Wednesday, June 21, 2017

Florio’s Misleading Take on Insurance and Pre-Existing Conditions

Recently, former New Jersey governor James Florio critiqued a key element in the Republican AHCa plan to revise ObamaCare. The GOP would replace ObamaCare’s individual and pre-existing condition mandates with a separate state-level insurance pool for people with pre-existing conditions. Republicans say that, by separating the small percentage of pre-existing conditions from the rest of the insurance market, general insurance rates will fall substantially.

But Florio observes that NJ has already tried this so-called “assigned risk” pool in its auto insurance market, and argues that the approach failed and was eventually done away with.

That’s all debatable. But what caught my eye was the following statement from his article, which is titled Gov. Florio: GOP's high-risk insurance pools makes same mistake as 'bad driver' scheme:

The deficiency in these devices is that they are not insurance. The concept of insurance is the sharing and spreading of risk. The high-risk pool is about insurers avoiding risk -- the off-loading of risk onto someone else.

In the current case, it would be taxpayers.

I think it’s very important to understand what insurance is and is not. Socialized medicine-oriented statists always attempt to frame an issue in socialist/collectivist terms. In my view, that’s what Florio is doing here in his critique of Republicans. Florio also endorses so-called “essential benefits” mandates, which is a way of redistributing wealth through “sharing and spreading of risk.”

I offered my view in these comments:

This is highly misleading.

First of all, risk-sharing is not the essential purpose. I don’t buy car or homeowners insurance to subsidize others. I buy it for personal financial protection. The primary purpose of insurance is as a financial tool for protecting against unforeseen, catastrophic future expenses. Insurance enables a consumer to arrange for such payments in the event one happens. That’s what my premiums pay for—not a chance to dump the cost of my risk on others. Insurance, properly understood, is a personal financial planning tool, not a gimmick to escape from the personal moral obligation to be responsible for one’s own health care. For insurance to work, insurers must be free to objectively assess risk and charge each customer accordingly, in a competitive environment (which, thanks to legal restrictions, we don’t now have).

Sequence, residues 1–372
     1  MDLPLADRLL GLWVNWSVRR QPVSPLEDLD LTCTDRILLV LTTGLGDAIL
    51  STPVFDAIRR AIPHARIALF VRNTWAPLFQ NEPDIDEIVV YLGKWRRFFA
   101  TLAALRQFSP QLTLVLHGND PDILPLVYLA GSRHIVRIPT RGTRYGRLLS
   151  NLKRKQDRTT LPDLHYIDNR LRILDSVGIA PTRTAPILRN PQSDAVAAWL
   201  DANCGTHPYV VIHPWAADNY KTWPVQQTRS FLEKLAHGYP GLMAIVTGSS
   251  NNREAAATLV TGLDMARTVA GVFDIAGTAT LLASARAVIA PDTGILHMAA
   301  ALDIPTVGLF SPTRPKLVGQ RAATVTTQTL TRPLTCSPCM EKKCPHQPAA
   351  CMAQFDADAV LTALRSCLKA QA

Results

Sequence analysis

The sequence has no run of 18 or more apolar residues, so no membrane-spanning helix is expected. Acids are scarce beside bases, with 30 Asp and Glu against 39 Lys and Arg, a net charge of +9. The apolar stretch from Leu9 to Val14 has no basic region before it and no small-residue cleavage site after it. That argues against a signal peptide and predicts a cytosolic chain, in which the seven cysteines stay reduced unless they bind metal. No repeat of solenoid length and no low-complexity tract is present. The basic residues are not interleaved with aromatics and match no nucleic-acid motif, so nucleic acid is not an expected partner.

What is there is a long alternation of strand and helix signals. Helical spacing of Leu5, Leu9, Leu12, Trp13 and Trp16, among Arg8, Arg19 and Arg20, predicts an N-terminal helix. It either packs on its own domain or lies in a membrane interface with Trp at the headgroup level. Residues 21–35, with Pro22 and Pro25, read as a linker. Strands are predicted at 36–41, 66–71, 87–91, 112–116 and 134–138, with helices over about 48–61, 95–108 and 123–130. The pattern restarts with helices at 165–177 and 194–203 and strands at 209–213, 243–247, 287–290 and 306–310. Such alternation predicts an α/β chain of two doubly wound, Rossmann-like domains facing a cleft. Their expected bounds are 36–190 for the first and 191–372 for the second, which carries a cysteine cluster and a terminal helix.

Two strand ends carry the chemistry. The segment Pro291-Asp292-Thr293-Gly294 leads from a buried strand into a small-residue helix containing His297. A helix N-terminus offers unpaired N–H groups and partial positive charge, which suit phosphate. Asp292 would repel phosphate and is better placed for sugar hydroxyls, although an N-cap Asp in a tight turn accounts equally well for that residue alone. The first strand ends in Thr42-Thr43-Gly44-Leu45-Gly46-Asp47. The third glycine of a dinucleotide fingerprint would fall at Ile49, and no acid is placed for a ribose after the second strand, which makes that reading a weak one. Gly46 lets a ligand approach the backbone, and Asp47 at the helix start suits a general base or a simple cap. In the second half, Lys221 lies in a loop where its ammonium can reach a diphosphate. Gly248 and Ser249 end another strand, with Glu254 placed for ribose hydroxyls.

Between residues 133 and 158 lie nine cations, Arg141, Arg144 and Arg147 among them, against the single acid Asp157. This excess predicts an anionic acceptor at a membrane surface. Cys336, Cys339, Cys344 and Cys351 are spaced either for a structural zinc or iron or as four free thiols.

Insurance is not for the purpose of redistributing wealth. Florio says assigned risk pools “offload” risk to taxpayers. But ObamaCare does the same thing, in different form. It “offloads risk” on all others through artificially higher premiums on health insurance, as well as through taxpayer subsidies to insurance companies, to subsidize “pre-existing conditions” and other mandates that enable some people to escape higher premiums based on the higher risk they pose or the choices they make.

If the GOP plan is wrong, so is ObamaCare. So is any scheme that is essentially forced wealth redistribution. Whether we’re talking about the ACA and the AHCA, which uses “private” companies, or single payer, which bypasses the private sector, we’re not talking about real insurance. We’re talking about forced “sharing and spreading of risk,” a fancy word for forced redistribution of wealth—which is legalized theft and thus fundamentally immoral and contrary to the proper purpose of government, which is to protect individual rights, including rights to spend our own money as we judge best.

It’s funny that Florio should accuse Republicans of getting people "priced out of the market” in the same breath that he endorses government-mandated “essential services, like maternal care” being forced on insurers and consumers. It is such mandates that substantially drives up the general cost of health insurance—thus making insurance unaffordable for many more people. Neither the federal nor state governments have any moral right to dictate health insurance policy provisions, aside from laws that forbid fraud, breach-of-contract, and the like. Thanks to decades of government interference, we’ve arrived at the ultimate absurdity—”unaffordable” health insurance, at 18%+ of GDP, and at a substantial cost to our freedom and individual rights in healthcare!

Related Reading:

Real vs. Our Pseudo Health Insurance

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